Last Updated on September 4, 2020 by MyGh.Online
A sister of one of the Takoradi girls who were kidnapped and later killed has said she heard her sister crying on the telephone the kidnappers used to contact them.
Rita Quayson, who is the fifth prosecution witness in the case of kidnapping and subsequent murder of four Takoradi girls, told a Sekondi High Court on Wednesday that her younger sister, Ruth Love Quayson, whom DNA results conducted by the police showed she is dead, had begged her family to find GH¢500 for the kidnappers for her to be released.
She told the court presided over by Justice Richard Adjei-Frimpong that her sister was kidnapped on December 4, 2018 and when she was not being found, the kidnappers used her sister’s mobile phone to call their mother to inform her that Ruth Love had been kidnapped.
“My mom gave the phone to me, so I was the one who spoke to her. She told me the kidnapper was demanding GH¢500 ransom. My sister was crying as she spoke,” the witness narrated.
Looking For Job
She said on December 4, 2018 around 9:30 a.m., she was with her mother when Ruth Love left home for the MTN office at the Takoradi Market Circle.
She said her younger sister told them that a friend had called her that there was a job vacancy at MTN and so she was going for that job.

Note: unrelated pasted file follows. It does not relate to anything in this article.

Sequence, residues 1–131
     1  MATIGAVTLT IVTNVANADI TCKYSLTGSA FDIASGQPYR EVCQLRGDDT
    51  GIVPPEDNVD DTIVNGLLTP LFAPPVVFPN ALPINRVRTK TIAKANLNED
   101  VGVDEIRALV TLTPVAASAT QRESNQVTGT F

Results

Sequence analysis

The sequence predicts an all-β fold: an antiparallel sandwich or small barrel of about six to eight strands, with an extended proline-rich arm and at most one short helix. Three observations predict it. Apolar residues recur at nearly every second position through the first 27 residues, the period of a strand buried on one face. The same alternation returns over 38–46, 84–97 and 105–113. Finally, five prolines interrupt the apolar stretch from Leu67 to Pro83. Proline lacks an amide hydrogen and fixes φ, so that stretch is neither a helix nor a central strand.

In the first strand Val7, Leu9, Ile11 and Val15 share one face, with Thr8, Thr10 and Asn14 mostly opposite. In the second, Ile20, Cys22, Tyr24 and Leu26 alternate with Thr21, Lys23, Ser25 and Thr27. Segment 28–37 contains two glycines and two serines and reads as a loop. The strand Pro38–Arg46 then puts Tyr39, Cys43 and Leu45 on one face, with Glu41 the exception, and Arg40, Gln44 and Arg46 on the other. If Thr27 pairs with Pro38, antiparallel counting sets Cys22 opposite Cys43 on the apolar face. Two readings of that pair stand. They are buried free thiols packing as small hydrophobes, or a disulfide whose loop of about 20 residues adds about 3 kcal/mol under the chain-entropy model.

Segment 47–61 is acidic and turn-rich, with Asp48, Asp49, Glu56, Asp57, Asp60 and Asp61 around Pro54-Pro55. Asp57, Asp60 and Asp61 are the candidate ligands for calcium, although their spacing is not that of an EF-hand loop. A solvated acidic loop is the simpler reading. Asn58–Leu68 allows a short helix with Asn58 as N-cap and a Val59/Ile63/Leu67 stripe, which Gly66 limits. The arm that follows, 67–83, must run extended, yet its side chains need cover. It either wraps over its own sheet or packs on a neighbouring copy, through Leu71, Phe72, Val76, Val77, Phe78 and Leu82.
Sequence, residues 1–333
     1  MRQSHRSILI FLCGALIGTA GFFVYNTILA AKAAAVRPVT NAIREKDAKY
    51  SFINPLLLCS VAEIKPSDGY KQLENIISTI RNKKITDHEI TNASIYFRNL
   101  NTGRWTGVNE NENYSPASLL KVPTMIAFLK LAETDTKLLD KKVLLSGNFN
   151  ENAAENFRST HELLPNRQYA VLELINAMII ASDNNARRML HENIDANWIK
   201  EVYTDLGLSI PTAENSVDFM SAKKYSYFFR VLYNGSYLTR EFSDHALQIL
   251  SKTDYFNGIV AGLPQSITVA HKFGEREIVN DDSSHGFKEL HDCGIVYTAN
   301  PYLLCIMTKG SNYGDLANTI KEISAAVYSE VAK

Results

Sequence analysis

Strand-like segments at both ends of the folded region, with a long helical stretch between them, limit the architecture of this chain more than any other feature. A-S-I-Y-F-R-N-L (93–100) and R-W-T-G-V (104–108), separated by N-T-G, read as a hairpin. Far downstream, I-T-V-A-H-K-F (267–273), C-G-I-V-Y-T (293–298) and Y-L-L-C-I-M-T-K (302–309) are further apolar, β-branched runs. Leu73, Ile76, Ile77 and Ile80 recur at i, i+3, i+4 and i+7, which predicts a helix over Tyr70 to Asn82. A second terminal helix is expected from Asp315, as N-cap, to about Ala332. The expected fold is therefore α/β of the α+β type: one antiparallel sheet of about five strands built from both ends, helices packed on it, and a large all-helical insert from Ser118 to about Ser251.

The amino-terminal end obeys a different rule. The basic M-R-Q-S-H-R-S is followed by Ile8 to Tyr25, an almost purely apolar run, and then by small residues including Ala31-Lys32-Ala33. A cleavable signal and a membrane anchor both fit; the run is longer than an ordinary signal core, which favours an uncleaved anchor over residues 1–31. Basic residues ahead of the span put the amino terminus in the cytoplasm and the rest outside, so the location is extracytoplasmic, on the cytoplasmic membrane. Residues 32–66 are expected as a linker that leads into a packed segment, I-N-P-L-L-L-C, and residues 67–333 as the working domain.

She said Ruth Love went out with her friend, Stacy, who is a next-door neighbour at Diabene, near Takoradi.
She said around 1:00 p.m. same day, Ruth Love called their mother to inform her that she had been kidnapped.
She said the mother gave the phone to her (Rita) and after speaking with her younger sister, she asked for another sister of theirs, Rebecca Quayson, to go to the police station to report the matter.
“My mother also asked me to call our pastor who was already in Takoradi for a meeting. My sister and the pastor met at the police station and made the report,” she said.
According to Rita, when Stacy (Ruth Love’s friend) returned, she indicated that before the two of them left for Takoradi, Ruth Love was charging her phone while she went to have her bath.
“Stacy said while Ruth Love was bathing, a number which was saved as Sammy N/F called several times and that while they were in a car going, the same number kept on calling so Ruth Love had to get down from the ‘trotro’ between a place called BU and Nkroful Junction,” the witness said.